Philips creates service from lighting within the circular economy

Philips Lighting’s innovative, circular business model is based on service. This has been done in order to participate in various social trends, such as urbanisation and the energy-saving reflexes of their customers. This way the company wants to offer more quality at a better price and specifically to guarantee that their customers can continue enjoying optimal functionality in the years to come. It represents one of the driving forces for innovation at Philips.

The Light as a Service project at Philips has been running for a number of years. The strong link between product design and the business model has driven innovation in products and services. This is shown in the figure above. 

Over the years Philips and also Barco have been accumulating knowledge about the circular economy in various research projects including GreenElec and cycLED. In the cycLED project in which Sirris participated, a number of design criteria were examined in relation to the latest circular business models. Because no general standard was available, Philips defined different elements and brought them together on a scorecard. This has allowed them to test products in order to validate whether they can actually be considered for the sustainable concept.


Tools etc., were developed for the cycLED project that can help identify suitable strategies and business models. The criteria were analysed on the basis of a number of issues concerning the company’s aims, the impact on business operations and also the feasibility. The results can be seen as follows:


The lighting in the library at Kortrijk in Belgium and also at Schiphol airport represent two striking examples. Philips remains the owner of the lighting systems and the user pays for the amount of light consumed. The principle aim is to keep the products in the marketplace for as long as possible and so the life-cycle is discussed with the customer and other stakeholders. This is a different way of working for most companies. The roles of the installers and the distributors change together with those of the manufacturer, and therefore dialogue is essential.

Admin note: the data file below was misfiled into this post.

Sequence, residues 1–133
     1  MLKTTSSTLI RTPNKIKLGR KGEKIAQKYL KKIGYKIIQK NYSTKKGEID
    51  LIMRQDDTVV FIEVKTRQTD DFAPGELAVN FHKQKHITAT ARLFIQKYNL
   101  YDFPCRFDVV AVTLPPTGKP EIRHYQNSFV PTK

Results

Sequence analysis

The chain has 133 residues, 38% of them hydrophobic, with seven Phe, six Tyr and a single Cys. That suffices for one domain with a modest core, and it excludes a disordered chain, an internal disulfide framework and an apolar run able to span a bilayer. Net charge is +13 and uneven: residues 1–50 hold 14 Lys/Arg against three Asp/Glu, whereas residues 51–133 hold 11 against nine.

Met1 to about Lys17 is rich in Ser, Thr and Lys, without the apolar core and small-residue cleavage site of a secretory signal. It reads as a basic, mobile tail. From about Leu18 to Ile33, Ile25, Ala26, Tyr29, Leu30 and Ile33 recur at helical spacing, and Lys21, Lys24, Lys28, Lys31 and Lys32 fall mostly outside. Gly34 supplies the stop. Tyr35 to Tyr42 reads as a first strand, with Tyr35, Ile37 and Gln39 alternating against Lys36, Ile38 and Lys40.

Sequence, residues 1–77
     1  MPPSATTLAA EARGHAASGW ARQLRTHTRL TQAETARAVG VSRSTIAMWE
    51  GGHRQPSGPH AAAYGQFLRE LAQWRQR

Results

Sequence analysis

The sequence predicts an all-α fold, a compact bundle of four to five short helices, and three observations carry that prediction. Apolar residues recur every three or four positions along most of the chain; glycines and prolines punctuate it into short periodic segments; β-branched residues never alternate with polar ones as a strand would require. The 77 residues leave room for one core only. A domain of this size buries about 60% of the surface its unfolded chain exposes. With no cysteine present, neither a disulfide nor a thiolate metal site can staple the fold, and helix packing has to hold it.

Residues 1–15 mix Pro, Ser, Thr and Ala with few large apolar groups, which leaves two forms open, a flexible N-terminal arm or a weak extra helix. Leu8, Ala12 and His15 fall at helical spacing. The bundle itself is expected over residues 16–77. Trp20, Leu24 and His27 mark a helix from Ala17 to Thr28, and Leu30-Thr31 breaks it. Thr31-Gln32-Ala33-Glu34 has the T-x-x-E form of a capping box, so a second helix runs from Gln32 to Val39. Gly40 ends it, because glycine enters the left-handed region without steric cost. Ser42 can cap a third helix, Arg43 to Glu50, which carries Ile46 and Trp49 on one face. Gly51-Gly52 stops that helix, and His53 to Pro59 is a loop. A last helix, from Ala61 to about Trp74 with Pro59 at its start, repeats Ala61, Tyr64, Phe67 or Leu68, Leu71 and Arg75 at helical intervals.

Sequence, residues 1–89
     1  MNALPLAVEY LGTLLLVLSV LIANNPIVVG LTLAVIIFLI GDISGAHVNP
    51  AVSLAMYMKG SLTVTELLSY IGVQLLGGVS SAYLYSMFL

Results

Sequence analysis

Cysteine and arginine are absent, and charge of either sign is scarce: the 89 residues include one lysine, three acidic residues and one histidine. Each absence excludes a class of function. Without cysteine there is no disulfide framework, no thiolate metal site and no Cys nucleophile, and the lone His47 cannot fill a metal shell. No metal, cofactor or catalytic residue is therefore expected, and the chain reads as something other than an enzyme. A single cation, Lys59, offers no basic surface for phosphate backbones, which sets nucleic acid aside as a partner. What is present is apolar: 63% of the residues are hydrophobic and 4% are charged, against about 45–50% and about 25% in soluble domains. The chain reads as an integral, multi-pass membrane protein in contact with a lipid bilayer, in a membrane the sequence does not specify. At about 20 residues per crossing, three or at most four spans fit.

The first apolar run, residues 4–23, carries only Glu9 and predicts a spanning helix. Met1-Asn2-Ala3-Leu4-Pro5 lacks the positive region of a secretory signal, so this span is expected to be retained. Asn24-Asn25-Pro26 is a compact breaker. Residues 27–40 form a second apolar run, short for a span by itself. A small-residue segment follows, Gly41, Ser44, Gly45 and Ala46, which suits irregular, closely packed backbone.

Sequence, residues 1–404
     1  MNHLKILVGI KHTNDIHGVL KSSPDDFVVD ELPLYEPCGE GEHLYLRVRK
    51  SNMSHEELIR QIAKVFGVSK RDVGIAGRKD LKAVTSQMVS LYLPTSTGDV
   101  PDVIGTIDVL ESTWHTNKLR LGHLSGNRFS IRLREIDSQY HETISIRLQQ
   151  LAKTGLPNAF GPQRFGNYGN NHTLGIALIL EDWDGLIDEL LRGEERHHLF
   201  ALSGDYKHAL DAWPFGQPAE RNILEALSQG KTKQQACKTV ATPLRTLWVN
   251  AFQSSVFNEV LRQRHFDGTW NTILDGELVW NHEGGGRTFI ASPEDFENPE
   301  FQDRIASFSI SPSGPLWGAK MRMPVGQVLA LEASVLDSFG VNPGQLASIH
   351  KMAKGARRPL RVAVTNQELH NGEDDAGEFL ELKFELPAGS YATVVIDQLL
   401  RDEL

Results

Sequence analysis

These illustrations show that innovation arises mainly by going through a number of steps. Moreover, it also demonstrates that experiments can be conducted which contribute to the accumulation of knowledge. 

Does this mean that all the questions have been answered?     

Absolutely not. There remain many challenges ahead for Philips. This has also caused possible confusion about when a product is actually circular. How do you measure this? Can product maintenance also be circular? What roles are there for other stakeholders such as distributors, wholesalers, installers, etc.? What added value can they bring to the customer and Philips?     

Areas of tension

Important issues given by the ‘hands-on experts’ in the circular economy include:

  • Giving consideration to the customer’s needs: how can you provide a full-service solution for the customer? What sort of problems can you solve for them?
  • The service must result in a win-win situation from both a financial and sustainability viewpoint: what sort of permanent sustainability is attached? Which economical/financial model is suitable? 

Finding such a model that combines both ecological and financial gain while providing a full-service solution for the customer is not easy. Identifying the shared objectives of the customers, the manufacturers and other stakeholders can help to pick out the steps that are feasible.       

Would you like to know more about the circular economy? Learn more here

Are you already experimenting with circular business strategies? Please tell us!

You can read the interview with Gert Roeckx, Country Manager Benelux at Philips Lighting Belgium via this link. (in French/Dutch)